Heat Level: Mild: These tips are beginner-friendly.
Bottom Line: Prioritize mobile, your brand reputation, and quality to help your website get more respect from Google.
Do This: Step up your site’s SEO in 2019 with these 7 tips:
Make sure it’s mobile friendly.
Optimize for speed.
Take advantage of featured snippets to raise your rank.
Pay attention to your brand reputation.
Focus on quality content.
Bump up your site’s security.
Don’t forget to go beyond Google.
It’s still early enough in the year that we’re posting one of those “what to expect in 2019” blogs. BUT, this is a really important one. SEO (Search Engine Optimization) is a super crucial part of your website and brand success online. This year, Google is shaking up how they factor page rankings, so it’s time to check in on your current SEO efforts.
This one shouldn’t be a huge surprise when you consider that mobile usage surpassed desktop in 2016 and has only increased since. Today, American users spend an average of twice as much time browsing on their mobile devices as from a desktop. And considering that most of us only browse desktops when we’re at work (strictly for business, right?), it’s no wonder that Google is giving mobile first place in 2019.
Beginning last year, Google shifted to indexing mobile sites first, rather than desktop. This is a big deal because Google’s indexing of a site is what allows it to determine how to rank your site, what queries and keywords you should appear for, and more. While only having a desktop site won’t knock you out of Google’s indexing, it’ll definitely be harder to rank well.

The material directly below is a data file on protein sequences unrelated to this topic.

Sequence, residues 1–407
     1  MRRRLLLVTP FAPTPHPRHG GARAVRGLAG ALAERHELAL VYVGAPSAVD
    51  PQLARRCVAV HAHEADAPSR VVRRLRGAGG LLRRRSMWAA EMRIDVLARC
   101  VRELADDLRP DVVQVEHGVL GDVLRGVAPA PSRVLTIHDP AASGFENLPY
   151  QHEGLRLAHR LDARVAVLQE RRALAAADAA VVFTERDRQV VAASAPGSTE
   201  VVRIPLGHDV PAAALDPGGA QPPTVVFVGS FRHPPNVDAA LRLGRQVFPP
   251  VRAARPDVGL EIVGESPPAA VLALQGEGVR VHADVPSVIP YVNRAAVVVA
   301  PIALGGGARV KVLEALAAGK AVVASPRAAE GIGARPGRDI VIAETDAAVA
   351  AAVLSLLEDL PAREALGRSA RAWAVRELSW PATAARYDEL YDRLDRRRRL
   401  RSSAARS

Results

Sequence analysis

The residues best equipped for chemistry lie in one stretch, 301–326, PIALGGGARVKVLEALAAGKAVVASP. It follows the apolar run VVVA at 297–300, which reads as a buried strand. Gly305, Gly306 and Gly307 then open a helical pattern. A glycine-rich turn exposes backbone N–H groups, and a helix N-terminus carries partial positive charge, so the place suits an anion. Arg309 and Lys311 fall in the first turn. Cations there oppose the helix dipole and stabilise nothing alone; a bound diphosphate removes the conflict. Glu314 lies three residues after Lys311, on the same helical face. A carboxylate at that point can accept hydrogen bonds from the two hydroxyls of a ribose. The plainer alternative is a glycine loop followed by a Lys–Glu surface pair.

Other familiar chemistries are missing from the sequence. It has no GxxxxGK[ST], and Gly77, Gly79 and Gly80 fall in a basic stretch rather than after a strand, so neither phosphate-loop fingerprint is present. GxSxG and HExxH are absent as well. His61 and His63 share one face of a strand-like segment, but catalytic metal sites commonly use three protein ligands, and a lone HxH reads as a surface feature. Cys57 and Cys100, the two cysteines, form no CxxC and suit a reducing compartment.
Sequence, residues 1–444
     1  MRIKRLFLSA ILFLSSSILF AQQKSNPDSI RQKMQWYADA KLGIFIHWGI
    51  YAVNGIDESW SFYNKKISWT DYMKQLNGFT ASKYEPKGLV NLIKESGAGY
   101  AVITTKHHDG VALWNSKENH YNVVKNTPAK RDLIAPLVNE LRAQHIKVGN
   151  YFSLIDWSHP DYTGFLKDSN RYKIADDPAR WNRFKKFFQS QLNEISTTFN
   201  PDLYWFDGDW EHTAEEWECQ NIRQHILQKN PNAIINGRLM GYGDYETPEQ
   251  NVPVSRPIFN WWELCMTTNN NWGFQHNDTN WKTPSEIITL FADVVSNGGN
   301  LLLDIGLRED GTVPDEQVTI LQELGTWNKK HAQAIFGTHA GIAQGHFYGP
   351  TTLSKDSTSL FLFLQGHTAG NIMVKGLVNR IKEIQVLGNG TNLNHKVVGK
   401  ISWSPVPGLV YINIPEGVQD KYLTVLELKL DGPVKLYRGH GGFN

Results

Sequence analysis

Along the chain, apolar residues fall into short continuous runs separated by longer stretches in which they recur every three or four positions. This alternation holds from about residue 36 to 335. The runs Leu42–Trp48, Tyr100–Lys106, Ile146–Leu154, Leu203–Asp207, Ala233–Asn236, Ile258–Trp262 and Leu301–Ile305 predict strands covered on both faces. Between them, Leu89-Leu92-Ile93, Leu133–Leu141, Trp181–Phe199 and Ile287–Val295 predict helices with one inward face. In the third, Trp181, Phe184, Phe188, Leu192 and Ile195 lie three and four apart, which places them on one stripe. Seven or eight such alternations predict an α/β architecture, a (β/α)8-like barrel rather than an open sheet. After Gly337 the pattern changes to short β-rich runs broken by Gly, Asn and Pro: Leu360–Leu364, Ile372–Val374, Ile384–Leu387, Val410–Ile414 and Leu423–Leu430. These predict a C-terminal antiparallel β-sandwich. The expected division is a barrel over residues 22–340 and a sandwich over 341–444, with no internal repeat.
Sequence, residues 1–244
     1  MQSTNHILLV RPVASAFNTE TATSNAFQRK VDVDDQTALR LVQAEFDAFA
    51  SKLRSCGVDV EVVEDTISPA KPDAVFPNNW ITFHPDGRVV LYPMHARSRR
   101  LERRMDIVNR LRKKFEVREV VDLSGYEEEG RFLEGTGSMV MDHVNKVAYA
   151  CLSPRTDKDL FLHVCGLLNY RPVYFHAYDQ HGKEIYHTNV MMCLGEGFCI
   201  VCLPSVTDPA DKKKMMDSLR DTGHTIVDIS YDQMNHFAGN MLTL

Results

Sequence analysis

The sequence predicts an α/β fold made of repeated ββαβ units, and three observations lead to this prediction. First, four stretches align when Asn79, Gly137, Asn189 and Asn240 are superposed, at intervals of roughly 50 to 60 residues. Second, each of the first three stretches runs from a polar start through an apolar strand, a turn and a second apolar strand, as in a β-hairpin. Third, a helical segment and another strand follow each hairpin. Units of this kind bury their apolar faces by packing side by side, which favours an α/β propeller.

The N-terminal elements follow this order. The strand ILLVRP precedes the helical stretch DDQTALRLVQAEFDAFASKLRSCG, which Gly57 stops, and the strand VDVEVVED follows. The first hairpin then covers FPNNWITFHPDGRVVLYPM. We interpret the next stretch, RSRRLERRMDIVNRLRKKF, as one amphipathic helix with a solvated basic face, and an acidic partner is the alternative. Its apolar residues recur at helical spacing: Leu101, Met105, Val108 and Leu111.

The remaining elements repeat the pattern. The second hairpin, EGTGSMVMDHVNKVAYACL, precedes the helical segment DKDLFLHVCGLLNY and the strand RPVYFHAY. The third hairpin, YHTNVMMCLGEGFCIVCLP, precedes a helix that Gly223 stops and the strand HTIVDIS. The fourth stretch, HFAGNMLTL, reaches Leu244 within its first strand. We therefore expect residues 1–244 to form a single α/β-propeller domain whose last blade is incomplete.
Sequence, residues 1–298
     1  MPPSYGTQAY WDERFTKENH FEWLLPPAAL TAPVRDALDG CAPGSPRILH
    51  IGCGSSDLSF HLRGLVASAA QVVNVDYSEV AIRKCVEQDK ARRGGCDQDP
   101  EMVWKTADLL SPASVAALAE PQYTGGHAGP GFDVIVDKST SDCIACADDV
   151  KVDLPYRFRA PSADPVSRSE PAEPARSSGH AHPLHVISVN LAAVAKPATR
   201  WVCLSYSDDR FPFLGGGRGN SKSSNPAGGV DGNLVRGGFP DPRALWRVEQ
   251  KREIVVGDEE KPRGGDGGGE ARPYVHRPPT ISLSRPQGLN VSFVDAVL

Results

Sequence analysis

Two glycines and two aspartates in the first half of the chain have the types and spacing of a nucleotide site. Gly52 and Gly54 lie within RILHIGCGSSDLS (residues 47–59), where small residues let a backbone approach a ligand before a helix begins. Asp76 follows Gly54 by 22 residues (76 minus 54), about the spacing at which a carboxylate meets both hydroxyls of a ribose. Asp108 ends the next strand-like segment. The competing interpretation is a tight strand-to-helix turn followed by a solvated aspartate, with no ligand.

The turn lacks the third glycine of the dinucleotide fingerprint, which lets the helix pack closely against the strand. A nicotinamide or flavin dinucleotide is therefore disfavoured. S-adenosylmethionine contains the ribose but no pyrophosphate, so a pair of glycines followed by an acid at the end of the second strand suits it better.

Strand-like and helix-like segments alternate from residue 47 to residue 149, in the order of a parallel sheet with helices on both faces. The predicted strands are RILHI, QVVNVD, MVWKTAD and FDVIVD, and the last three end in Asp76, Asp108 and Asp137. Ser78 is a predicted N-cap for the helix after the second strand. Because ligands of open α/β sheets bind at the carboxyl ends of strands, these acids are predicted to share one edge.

Make sure that your website is mobile friendly. At the bare minimum, you’ll want to have a desktop and mobile version of your site. It’s better is having a responsive design so your site displays properly for all browsers and devices - desktop, mobile, and all the tablet gray-areas in between.
Much like the great Ricky Bobby, users wanna go fast! Google focuses on providing the best user experience at the top speeds possible. If your site doesn’t load fast enough, Google will move onto the next. And if Google moves on, so do your potential customers.
Google’s standalone speed metric is still fairly new. In the past, your speed scoring was focused more on overall optimization. But Google recently added scoring based only on your site’s load speed, calculated from real-time data from all users. This is good and bad news. Since the speed score is still new, it’s not going to tank your ranking...yet. And optimizing your site to load quickly is nothing new, so the speed metric could reward those efforts.
You’ll want to check on your site’s speed and see where you can improve. Google’s PageSpeed Insights is a great place to test your site. You can also talk to your site manager to find out more about what can be updated or adjusted to feed the need for speed!